At first, David thinks he has made a fairly good bargain, although his father is sceptical and warns him that he wants more than Rebecca will be prepared or able to give him. The marriage takes place and the newlyweds travel to their new home where Rebecca is delighted to discover that there is plenty for her to do and looks forward to being useful and taking her place as the foremost lady of the local community.

But their married life gets off to a rocky start. Rebecca’s version of “being a good wife” is letting her husband do as he wishes in bed with no thought for her own wants – and David is bewildered. He knows Julian and Rebecca were very much in love and thinks Rebecca must have experienced passion; but not only does she not respond to him, it’s clear she is having to force herself to endure his lovemaking. David believes that she is deliberately holding herself back from him because she doesn’t love him and because, in spite of her promise not to think of Julian, she is doing just that. Their relationship becomes incredibly strained until, after their third night together, David snaps, says some cruel things and then tells Rebecca he won’t be bothering her again.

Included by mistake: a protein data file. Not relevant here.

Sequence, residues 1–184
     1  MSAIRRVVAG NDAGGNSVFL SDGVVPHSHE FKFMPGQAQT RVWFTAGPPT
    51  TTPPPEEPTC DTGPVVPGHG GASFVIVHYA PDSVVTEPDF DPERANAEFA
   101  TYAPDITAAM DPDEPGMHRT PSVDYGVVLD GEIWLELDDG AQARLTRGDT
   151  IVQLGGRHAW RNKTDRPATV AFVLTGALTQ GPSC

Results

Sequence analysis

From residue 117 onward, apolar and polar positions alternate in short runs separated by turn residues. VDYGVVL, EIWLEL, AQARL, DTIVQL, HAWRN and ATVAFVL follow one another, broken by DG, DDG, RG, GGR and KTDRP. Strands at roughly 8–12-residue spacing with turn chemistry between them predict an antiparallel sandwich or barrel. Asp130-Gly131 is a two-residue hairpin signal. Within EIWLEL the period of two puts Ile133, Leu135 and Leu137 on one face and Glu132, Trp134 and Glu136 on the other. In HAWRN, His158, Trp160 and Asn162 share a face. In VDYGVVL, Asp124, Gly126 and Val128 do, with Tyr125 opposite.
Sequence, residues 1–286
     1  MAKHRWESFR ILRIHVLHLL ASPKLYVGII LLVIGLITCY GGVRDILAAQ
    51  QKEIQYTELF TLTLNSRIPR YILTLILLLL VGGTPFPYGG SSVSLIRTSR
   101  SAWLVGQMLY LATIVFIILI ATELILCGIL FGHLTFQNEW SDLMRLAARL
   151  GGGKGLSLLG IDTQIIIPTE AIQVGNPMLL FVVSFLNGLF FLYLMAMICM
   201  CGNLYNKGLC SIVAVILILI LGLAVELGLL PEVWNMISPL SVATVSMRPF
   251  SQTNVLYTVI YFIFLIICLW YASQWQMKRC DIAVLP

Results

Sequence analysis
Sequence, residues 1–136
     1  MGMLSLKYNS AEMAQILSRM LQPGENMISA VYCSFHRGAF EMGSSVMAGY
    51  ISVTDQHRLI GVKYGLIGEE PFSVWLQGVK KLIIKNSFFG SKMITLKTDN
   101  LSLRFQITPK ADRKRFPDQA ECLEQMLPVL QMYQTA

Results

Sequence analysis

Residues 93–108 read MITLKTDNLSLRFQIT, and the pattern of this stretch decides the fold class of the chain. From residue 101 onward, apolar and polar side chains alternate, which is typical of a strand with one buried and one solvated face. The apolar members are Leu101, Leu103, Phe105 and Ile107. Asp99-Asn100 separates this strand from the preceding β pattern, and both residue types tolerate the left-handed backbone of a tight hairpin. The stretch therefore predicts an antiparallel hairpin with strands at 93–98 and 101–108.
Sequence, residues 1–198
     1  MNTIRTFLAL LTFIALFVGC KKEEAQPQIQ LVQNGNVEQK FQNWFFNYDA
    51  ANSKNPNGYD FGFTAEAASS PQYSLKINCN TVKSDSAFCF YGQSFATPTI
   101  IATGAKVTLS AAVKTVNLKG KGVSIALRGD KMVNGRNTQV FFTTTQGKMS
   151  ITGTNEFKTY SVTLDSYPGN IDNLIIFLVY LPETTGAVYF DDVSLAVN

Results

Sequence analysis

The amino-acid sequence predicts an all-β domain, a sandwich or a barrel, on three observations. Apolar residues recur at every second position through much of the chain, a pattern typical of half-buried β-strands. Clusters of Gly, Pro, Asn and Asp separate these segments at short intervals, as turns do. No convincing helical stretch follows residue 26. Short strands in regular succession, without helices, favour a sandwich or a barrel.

Rebecca is equally confused. She has been brought up to believe that sex is for a husband’s pleasure and for procreation, and that she should just lie there and let him get on with it. She is surprised by her attraction to David, but is ashamed of her response to his kisses and lovemaking, feeling things she’s never felt before and desperate to control herself to make sure he isn’t disgusted by her wantonness. But after that night, she finds she misses the bonding that had begun between them in bed and also that she needs the reassurance of David’s presence there, and of his lovemaking, too. The couple settles into a way of life that sees them living and working together as little more than business partners, but Rebecca wants a real marriage and has no idea how to achieve it while David distances himself from her; his jealousy of Julian and the guilt, the secrets and the lies that shadowed their relationship distort his view of the situation and lead him to believe that Rebecca is disgusted by him. It’s a stalemate for quite some time until at last, it seems as though they have finally found a way through … which is when (of course) disaster strikes.

I am not normally a fan of stories in which so many misunderstandings and secrets abound, but I did enjoy Tangled. True, there were times I wanted to beat both protagonists over the head with a big stick and tell them to just be honest with each other; but somehow, Mary Balogh has made their reluctance to confide in each other believable. It’s frustrating to read at times, but is understandable, especially given that Rebecca’s upbringing has conditioned her to propriety and submission and that David is driven to protect the people he cares about. The deeper emotions are brilliantly illuminated, and the author has very skilfully illustrated the importance of sex in the development of the central relationship. Without it, David and Rebecca are almost strangers, and because they are both hiding things from each other, they don’t have any other way in which to achieve closeness on an emotional level.